EU law or international law?

The Court established that enhanced cooperation displays a unique character when it comes to fitting it into the category of either EU law or international law. The act enabling enhanced cooperation and its execution measures are EU instruments. However, the question remains whether an agreement concluded by the participating member states in the framework of enhanced cooperation – such as the UPCA – is also held to be EU law, or whether such agreements remain outside this scope, i.e. in the terrain of international agreements.

The Constitutional Court emphasised that it is not competent to decide this question regarding the UPCA specifically, yet the decision highlights that even though agreements entered into by Hungary in its capacity as an EU member state, including enhanced cooperation treaties, serve the purpose of strengthening integration, a distinction must be made between cooperation that merely executes competences that have already been specified in the founding treaties, and cooperation that exceeds this scope in terms of institutionalisation.

Whenever an international agreement establishes an institution that is not part of the EU institutional structure, but which exercises public power and makes decisions affecting member states, the government preparing the act for such an agreement shall examine whether the competence of the EU to establish that institution has already been defined in the founding treaties. If it has, then the given enhanced cooperation belongs under the scope of the EU sovereignty clause; if it has not, then it should be construed as an international agreement.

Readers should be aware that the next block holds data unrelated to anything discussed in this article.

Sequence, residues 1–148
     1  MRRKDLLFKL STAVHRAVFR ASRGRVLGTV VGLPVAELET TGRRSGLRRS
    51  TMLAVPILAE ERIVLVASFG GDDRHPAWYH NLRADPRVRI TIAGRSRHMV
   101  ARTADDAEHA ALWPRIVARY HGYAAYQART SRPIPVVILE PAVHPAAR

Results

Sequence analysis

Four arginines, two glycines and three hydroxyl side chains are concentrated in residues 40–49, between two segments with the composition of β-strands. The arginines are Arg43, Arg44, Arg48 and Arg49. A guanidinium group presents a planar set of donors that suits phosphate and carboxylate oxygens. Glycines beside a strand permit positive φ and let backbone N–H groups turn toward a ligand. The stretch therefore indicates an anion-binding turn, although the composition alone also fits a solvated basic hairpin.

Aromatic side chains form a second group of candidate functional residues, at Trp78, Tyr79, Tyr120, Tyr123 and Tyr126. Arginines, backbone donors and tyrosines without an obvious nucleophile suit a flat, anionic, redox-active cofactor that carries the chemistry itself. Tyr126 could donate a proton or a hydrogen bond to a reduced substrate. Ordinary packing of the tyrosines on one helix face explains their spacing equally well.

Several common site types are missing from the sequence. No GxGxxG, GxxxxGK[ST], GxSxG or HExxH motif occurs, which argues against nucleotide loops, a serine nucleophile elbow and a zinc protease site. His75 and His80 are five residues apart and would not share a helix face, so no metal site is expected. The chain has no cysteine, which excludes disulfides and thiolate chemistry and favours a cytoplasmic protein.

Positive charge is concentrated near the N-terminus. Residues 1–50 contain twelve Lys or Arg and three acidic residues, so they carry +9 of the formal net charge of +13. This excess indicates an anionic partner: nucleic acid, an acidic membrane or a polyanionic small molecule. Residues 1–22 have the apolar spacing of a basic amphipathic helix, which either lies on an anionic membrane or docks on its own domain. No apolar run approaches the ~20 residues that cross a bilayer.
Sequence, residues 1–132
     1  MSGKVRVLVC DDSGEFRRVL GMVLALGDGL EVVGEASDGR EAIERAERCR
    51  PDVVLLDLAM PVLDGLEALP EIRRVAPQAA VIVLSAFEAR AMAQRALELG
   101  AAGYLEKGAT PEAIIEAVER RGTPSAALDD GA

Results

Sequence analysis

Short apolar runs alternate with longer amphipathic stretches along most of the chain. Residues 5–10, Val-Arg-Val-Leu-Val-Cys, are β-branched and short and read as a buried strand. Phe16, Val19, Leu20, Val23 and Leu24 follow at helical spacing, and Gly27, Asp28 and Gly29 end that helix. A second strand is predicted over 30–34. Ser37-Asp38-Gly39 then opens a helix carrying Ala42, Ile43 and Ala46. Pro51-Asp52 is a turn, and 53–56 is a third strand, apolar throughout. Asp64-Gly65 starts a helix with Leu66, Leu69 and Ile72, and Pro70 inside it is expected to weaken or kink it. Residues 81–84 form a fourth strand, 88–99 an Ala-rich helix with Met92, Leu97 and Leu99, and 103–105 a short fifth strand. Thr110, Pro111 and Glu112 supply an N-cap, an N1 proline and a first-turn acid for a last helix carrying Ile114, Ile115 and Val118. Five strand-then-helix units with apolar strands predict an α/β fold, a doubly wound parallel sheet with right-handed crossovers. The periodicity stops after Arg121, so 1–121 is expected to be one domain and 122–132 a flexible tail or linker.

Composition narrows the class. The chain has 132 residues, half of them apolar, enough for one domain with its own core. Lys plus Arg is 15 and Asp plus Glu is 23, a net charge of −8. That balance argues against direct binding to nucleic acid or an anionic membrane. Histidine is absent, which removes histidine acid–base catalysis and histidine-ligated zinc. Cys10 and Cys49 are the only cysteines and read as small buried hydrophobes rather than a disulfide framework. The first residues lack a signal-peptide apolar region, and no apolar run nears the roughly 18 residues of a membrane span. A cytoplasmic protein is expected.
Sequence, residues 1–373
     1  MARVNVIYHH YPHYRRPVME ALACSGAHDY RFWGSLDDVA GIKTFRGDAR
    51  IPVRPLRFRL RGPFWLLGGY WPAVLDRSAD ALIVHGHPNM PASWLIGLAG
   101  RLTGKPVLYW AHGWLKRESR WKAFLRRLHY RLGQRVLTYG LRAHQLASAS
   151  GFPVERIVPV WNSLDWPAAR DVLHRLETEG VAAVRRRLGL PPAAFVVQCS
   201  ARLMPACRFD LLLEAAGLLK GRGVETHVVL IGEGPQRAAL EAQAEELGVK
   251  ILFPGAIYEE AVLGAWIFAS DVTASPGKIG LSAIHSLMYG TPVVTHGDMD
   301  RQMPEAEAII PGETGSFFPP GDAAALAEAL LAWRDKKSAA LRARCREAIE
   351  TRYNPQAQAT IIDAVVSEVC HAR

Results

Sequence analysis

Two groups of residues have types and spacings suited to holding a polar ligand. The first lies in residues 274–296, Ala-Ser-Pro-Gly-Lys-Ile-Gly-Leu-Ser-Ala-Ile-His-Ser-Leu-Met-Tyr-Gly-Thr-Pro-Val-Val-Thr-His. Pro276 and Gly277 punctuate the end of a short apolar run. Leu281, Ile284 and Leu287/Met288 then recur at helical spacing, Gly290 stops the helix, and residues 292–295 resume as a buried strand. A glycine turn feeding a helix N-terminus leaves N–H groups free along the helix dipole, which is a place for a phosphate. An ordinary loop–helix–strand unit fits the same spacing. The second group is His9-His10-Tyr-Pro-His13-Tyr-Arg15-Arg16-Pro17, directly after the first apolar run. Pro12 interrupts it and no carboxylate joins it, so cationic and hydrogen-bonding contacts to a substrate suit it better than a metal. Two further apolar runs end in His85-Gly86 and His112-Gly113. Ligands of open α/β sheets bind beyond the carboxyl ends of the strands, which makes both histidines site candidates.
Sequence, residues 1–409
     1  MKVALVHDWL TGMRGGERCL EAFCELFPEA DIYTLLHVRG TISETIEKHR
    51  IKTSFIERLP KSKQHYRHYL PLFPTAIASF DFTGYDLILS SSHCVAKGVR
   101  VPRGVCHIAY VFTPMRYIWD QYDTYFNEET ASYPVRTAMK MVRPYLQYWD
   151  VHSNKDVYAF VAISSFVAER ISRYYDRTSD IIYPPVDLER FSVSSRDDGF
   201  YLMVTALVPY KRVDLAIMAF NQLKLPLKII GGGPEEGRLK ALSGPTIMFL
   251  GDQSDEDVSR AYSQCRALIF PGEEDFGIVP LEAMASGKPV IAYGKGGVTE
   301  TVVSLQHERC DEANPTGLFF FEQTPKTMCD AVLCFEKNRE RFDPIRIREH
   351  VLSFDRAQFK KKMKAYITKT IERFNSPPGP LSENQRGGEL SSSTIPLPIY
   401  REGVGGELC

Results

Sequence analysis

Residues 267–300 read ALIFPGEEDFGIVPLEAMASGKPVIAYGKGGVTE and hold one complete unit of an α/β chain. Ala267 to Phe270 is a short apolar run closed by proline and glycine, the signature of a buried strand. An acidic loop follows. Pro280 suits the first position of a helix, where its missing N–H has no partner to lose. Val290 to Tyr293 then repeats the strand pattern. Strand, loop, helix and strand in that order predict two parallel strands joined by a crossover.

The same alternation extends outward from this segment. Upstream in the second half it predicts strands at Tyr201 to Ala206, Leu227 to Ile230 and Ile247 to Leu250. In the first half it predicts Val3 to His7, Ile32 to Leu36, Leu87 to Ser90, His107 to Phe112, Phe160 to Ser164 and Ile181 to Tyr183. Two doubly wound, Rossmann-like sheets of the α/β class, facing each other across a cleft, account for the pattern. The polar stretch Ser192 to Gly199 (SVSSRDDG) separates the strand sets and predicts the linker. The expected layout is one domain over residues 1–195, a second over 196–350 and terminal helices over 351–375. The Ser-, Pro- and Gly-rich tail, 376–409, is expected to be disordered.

Following this, the Court made reference to the CJEU’s judgment in C- 146/13 Kingdom of Spain v European Parliament and Council of the European Union. The Court noted that in this case Hungary acted in support of the Parliament and the Council. The Court drew attention to paragraph 101 of the judgment, quoting “Court [CJEU] does not have jurisdiction to rule on the lawfulness of an international agreement concluded by Member States” as the reason for rejecting Spain’s petition. This, in the Constitutional Court’s view, implies that the CJEU has already formulated an opinion on the legal nature of the UPCA.

Compatibility with the Fundamental Act

Looking at the compatibility of the UPCA as an international agreement with the Fundamental Act (Article Q), the court recognised that the UPC would apply not only EU law but also Hungarian law, and it would supplement the structure of national courts in a way that would exclude its decisions from the national judicial review system, including the possibility of the Constitutional Court’s constitutional review. Quoting Articles 24 and 25 of the Fundamental Act which ensure constitutional review of judicial decisions and the competence of the Hungarian courts in civil law disputes, the Court observed that the jurisdictions of international courts or tribunals typically relate to questions of international or EU law.